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Leverage Your VPN For Attack Surface Reduction

Take a moment and mentally tally up all the different technological resources your business utilizes on a day to day basis. You probably have plenty of computers, cell phones, and internet connected printers in the office. Your employees likely use a corporate email account, specific websites, and SaaS (software-as-a-service) tools to get work done. On top of that, you have APIs for your partners to use, and specific interfaces to keep business moving forward.

All of these allow you to reach your goal and be successful and profitable. But like any double-edged sword, these can also be your biggest vulnerability.

That’s because all your valuable IT resources also make up your attack surface.

Keeping the attack surface as small as possible is a basic security measure — but increased services, devices, and tools mean the attack surface expands with every new addition.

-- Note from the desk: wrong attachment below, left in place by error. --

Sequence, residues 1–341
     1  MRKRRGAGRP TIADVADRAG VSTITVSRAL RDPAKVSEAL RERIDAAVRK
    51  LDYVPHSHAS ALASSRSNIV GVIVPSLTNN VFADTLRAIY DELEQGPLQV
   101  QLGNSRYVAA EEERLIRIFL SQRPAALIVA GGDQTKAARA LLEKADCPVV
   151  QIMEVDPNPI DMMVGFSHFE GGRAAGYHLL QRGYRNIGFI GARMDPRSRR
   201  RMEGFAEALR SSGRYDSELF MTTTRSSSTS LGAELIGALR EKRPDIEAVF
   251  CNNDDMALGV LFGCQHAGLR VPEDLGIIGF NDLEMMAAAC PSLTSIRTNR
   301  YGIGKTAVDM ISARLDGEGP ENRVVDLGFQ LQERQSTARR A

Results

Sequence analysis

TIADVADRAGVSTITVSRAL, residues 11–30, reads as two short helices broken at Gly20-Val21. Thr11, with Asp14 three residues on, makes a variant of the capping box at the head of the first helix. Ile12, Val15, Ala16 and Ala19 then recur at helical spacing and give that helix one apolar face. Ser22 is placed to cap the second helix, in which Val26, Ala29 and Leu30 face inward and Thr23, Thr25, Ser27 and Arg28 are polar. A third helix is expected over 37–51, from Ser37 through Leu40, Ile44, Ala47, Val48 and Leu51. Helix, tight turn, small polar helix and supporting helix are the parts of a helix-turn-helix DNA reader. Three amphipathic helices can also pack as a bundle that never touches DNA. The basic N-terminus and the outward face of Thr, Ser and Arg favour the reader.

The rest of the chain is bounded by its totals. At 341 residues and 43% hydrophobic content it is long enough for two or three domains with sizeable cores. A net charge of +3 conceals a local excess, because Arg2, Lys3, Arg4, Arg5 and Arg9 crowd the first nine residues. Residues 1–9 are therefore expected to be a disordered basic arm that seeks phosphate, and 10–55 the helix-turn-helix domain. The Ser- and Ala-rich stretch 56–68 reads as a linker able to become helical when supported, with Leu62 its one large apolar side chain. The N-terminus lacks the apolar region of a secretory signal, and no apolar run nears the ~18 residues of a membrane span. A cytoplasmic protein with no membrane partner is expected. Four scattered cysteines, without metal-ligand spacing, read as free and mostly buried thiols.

What is The Cyber Attack Surface Anyway?

An attack surface is the number of points, or “vectors,” an attacker can use to gain access to your data and IT systems. There are two primary types of attack surface: digital and physical. The digital attack surface includes things such as software applications, networks, protocol ports, operating system services, and web and desktop applications. The physical attack surface includes everything related to hardware and physical devices such as routers, desktop computers, mobile phones, printers, and USB ports.

attack surface protection

The larger your attack surface, and the more points of entry you have, the easier it is for an attacker to gain access to your network. Large organizations are typically at higher risk. However, many smaller organizations have a very broad attack surface they aren’t aware of. Cybercriminals may see them as an easy target.

Attackers usually try to penetrate an attack surface in one of two ways:

  1. Sending data into your network
  2. Extracting data from your network